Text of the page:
5. In University of Rochester, the Second Circuit applied the Grant Act criteria, as well as criteria developed by NASA and the National Science Foundation (NSF), the federal agencies involved in that case, to determine whether a grant or a contract was used for any particular project, and concluded that grants were appropriately used for the funding of the research project on which the deceased employee worked. 618 F.2d at 175-76. The court held that as there was no “contract” within the meaning of Section 1(a)(4), the claim was not compensable under the DBA. Id. at 176.

6. Section 1(a)(4) provides in pertinent part that the DBA applies to an employee engaged in any employment –

under a contract entered into with the United States or any executive department, independent establishment, or agency thereof . . . where such contract is to be performed outside the continental United States and at places not within the areas described in subparagraphs (1)-(3) of this subdivision, for the purpose of engaging in public work, and every contract shall contain provisions requiring that the contractor . . . (1) shall, before commencing performance of such contract, provide for securing to or on behalf of employees engaged in such public work under such contract the payment of compensation and other benefits under the provisions of this chapter, and (2) shall maintain in full force and effect during the term of such contract . . . or while employees are engaged in work performed thereunder, the said security for the payment of such compensation and benefits, . . .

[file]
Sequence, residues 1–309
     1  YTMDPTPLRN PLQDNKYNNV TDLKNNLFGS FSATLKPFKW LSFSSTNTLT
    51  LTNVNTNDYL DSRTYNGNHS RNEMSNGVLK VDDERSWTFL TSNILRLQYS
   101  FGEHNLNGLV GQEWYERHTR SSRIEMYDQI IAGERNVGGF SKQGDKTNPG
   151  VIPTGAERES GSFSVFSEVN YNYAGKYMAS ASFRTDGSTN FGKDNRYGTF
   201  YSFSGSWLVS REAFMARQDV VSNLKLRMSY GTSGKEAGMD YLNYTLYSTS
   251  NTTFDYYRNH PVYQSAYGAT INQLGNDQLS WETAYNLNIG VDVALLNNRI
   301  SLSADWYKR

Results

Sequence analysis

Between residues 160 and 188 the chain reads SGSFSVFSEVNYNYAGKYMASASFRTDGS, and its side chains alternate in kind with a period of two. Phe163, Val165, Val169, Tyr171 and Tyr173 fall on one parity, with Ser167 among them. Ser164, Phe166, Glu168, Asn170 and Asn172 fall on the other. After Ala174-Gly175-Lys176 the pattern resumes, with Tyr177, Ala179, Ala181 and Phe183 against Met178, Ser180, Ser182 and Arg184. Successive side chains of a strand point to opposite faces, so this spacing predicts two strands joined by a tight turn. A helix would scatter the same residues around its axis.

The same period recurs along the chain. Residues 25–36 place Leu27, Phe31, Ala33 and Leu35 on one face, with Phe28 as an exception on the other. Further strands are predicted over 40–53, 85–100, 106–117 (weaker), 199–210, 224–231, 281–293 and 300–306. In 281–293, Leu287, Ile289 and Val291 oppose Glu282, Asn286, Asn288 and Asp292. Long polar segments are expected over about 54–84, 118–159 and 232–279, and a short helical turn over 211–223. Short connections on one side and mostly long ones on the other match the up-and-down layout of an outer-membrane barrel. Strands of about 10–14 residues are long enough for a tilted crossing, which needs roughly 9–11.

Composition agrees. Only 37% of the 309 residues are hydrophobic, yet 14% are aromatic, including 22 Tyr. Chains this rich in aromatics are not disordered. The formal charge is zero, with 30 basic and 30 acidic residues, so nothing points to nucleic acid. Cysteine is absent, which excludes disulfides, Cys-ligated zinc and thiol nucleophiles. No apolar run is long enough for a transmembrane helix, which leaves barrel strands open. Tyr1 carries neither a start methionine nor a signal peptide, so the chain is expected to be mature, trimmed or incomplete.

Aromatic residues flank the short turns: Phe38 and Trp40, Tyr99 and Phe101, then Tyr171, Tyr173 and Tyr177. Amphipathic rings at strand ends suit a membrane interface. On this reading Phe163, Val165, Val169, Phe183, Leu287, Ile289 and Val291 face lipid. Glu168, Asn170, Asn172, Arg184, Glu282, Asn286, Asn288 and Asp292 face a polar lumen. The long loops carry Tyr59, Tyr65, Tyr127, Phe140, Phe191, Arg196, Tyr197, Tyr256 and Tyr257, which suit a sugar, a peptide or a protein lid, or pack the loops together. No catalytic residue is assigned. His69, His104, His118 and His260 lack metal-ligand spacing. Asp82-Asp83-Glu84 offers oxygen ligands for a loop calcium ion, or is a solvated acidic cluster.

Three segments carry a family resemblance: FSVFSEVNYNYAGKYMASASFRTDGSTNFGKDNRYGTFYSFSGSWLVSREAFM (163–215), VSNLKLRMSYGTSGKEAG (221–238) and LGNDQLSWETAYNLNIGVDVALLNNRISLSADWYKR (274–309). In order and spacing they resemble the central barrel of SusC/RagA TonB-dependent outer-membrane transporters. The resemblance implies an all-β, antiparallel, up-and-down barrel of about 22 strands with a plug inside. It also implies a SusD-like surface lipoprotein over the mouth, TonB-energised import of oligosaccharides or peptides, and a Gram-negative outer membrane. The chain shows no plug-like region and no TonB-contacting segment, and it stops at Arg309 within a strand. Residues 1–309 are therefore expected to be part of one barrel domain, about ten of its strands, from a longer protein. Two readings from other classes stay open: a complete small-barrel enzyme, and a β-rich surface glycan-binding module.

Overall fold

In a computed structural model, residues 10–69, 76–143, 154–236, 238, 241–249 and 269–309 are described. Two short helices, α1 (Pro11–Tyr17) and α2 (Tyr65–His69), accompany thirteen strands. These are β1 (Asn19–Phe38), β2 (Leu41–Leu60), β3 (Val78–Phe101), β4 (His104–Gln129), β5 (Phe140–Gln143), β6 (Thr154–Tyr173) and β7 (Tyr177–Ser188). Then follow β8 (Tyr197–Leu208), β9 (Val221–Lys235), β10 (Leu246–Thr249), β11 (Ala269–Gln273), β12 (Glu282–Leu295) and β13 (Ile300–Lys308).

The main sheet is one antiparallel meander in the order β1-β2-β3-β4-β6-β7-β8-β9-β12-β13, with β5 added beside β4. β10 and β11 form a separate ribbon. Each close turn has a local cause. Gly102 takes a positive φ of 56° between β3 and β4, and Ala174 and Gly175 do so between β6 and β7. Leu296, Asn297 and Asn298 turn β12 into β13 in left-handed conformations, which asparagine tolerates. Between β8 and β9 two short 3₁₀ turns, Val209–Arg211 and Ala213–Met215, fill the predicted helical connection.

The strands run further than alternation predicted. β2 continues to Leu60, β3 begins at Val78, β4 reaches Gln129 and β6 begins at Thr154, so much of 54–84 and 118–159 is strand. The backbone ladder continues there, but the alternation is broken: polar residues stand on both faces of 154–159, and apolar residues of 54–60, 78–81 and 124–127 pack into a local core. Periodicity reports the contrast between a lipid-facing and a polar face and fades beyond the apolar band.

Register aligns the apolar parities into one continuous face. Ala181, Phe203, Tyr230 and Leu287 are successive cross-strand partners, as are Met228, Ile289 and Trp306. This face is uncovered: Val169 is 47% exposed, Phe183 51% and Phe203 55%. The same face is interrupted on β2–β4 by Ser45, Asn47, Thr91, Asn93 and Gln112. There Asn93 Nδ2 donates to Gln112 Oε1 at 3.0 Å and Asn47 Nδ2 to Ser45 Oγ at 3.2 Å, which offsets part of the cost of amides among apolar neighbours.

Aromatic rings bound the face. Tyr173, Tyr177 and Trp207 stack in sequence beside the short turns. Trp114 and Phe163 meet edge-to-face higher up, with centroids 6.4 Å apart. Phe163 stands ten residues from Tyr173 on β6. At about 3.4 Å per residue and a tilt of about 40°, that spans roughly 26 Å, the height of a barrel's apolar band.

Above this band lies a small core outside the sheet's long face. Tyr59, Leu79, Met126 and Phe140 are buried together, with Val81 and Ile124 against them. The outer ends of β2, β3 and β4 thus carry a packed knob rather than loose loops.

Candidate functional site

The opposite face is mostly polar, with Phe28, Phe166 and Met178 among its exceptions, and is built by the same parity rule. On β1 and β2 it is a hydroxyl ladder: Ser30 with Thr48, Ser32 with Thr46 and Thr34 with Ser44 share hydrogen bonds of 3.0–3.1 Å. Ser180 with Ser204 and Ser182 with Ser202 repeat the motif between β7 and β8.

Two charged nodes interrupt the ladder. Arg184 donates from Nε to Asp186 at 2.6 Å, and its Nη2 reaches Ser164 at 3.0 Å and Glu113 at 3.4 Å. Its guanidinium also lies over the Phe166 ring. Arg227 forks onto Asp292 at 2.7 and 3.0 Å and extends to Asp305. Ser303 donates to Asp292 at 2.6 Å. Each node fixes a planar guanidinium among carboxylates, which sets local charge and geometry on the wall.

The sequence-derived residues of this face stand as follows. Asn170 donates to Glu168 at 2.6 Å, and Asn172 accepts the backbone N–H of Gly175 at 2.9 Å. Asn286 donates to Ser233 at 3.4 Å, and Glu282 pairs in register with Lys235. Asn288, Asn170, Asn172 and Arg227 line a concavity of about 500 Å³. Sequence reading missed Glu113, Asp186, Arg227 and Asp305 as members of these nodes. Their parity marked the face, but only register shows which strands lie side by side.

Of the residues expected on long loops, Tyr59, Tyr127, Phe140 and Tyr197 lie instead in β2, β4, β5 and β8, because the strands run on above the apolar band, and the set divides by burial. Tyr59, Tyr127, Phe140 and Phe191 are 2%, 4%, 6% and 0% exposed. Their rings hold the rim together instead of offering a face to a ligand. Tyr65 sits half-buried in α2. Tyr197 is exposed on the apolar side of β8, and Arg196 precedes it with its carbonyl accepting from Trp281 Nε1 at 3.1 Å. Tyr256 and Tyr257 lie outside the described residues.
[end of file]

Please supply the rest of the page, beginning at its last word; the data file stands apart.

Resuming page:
42 U.S.C. §1651(a)(4) (emphasis added).

7. As noted by the Director, no court has yet directly addressed the issue presented by this case as to whether Section 1(a)(5) coverage extends to employment performed under an employment contract that is approved and financed by the United States through a grant under the FAA to the employee’s employer.

8. Specifically, the Director cites documents in the record reflecting that aircraft maintenance was part of the USAID grant and that the cost of contracts to perform such maintenance, including labor charges, was included in the budgets and financial reports that employer was required to submit to USAID. See, e.g., EX-D at 1, 4; EX-E at 2; EX-F at 2; EX-G at 2, 3, 12, 13.